There is a late afternoon flight that leaves around 4pm. Being a weekday, it would be full of business persons returning to Buffalo, or, making connections to Toronto.
The kids must fly stand-by and would have been bumped to the doomed flight if the 4:00 flight they wanted was full.
But all this was meaningless; all I could think of was that she and Joe were on the flight that crashed.
My darling Jim remained calm and located the elusive phone number and dialed it for me. I never could have done it - my hands and whole body were shaking.
I was so very frightened that the phone would go immediately to her voice mail.
But when she answered, I was never so happy to hear anyone's voice in my life.
Although relieved, relief would not be instant: my uncontrollable shaking would not stop for another 30 minutes or so.
Elizabeth and Joe had driven to Buffalo from Brooklyn, risking winter weather driving conditions, journeying for over 7 hours when they could have been there in less than an hour.
And I thanked God for that decision.
She knew something was wrong from the sound of my voice, and she immediately panicked thinking it was someone here who was ill.
She hadn't yet heard of the crash and we were breaking the news to her from over 3,000 miles away. We spoke for a little bit and then she had to go as her phone had a call waiting.
She was up most of the evening with people ringing her to check to make sure she was all right.
I was up all night as I just couldn't go back to sleep and I turned to CNN to keep me updated on the events as they unfolded throughout the day.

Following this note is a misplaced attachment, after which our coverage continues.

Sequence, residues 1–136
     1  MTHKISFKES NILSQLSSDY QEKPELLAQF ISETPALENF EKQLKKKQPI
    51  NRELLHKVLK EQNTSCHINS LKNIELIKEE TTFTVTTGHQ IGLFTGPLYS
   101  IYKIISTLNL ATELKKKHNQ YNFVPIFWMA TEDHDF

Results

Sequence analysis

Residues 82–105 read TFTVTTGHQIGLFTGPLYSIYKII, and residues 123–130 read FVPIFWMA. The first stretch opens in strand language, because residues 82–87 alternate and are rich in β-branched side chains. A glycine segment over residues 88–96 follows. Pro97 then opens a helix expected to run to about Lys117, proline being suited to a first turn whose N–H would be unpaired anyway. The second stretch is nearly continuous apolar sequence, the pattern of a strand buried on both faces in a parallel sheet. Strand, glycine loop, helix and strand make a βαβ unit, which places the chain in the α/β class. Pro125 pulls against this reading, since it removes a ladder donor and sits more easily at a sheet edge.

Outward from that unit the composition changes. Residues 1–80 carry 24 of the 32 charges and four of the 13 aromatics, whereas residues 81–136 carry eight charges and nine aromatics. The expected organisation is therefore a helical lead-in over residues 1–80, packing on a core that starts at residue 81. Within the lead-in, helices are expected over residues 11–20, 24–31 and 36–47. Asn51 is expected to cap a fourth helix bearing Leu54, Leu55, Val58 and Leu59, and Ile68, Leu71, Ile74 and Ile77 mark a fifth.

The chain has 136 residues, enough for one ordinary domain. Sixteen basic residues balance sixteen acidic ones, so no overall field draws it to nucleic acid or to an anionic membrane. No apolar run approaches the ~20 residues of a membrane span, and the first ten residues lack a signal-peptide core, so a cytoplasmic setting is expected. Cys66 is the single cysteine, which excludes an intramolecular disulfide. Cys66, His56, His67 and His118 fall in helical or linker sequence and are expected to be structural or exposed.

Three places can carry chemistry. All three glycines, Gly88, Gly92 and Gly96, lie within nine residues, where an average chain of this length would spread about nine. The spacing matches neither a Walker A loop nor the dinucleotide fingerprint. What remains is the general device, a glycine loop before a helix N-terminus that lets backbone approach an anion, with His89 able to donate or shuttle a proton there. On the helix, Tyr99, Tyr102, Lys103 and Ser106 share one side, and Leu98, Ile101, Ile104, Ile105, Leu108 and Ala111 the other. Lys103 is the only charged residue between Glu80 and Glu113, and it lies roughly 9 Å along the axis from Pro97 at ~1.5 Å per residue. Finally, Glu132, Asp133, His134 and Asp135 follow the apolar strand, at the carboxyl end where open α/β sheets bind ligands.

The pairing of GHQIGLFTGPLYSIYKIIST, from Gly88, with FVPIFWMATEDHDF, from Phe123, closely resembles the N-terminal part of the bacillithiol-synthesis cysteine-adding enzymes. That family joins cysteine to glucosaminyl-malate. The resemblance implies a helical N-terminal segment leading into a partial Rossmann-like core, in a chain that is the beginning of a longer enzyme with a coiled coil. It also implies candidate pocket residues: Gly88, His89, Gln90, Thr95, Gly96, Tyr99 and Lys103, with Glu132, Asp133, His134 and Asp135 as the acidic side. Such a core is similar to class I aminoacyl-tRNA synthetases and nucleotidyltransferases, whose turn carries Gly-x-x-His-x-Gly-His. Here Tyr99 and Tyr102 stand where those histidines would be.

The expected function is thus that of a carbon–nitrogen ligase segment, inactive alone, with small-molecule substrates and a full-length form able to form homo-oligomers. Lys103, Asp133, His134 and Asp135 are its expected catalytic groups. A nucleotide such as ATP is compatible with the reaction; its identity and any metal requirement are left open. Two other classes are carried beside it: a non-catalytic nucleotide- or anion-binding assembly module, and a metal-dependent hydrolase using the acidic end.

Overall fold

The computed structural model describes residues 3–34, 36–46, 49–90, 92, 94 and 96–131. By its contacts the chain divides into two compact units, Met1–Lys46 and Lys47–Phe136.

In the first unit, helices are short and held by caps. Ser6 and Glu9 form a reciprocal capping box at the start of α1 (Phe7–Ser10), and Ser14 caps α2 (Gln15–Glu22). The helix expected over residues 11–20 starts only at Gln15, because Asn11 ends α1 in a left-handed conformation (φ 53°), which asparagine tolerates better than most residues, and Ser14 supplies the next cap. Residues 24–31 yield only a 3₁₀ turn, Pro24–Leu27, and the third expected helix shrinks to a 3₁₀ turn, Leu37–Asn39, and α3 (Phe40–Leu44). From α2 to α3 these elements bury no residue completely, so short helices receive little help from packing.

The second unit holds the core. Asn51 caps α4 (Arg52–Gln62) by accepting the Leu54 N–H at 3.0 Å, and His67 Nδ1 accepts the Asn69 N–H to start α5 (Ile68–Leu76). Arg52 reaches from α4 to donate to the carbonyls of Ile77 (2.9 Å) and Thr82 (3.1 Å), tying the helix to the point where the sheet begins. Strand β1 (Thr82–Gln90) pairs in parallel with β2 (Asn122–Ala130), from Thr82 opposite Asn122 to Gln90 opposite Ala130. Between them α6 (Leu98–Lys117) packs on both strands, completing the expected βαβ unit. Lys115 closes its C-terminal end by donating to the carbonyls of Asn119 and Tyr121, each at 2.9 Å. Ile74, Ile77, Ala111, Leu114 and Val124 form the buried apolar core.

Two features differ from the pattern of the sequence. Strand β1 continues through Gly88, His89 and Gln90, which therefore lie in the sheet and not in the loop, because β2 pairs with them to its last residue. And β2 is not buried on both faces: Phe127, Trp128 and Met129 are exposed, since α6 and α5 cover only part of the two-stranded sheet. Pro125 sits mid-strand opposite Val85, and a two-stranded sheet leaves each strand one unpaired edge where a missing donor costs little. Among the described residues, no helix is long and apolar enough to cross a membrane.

I understand just how the victims' families feel with a sense of disbelief, pain, and shock at their losses. The only difference is that my experience had a happy ending. But during the moments of panic before I knew she had not boarded the ill fated plane, I was walking in their shoes; unaware of what lay ahead and just how I was going to ever live without my beautiful daughter and her loving fiancée.
My heart truly goes out to all of the families involved, as my prayers are with them, and will remain so as time passes.
Sunday, 8 February 2009
All news points to being snowed-in again tomorrow.
I pray they close the university, as my daughter is supposed to head back tomorrow and I do not want to drive in it if it is as bad as they expect.
I thought I would share a video of what it looks like, snowing in our garden about an hour ago, when there was still enough light to capture it.
Never did this before so I will hope for the best!
And here is one more to help keep you warm!
Friday, 6 February 2009
Our garden and our neighbour's garden are filled with snow!
While the weather wreaked havoc with our daily routine throughout the week, it was actually nice to stay bundled up inside, while the snow swirled around outside.
Providing sound reasons why one should sit in front of the fire and create some new little lovelies by hand.
Thinking about what to make with an Easter theme, (you know it will be here before we know it - despite the swirling snow we see outside) I decided to use some egg cups that I was going to add to my vintage Etsy shop for sale.
Some sweet little pincushions are the result of about two days work. I just love them!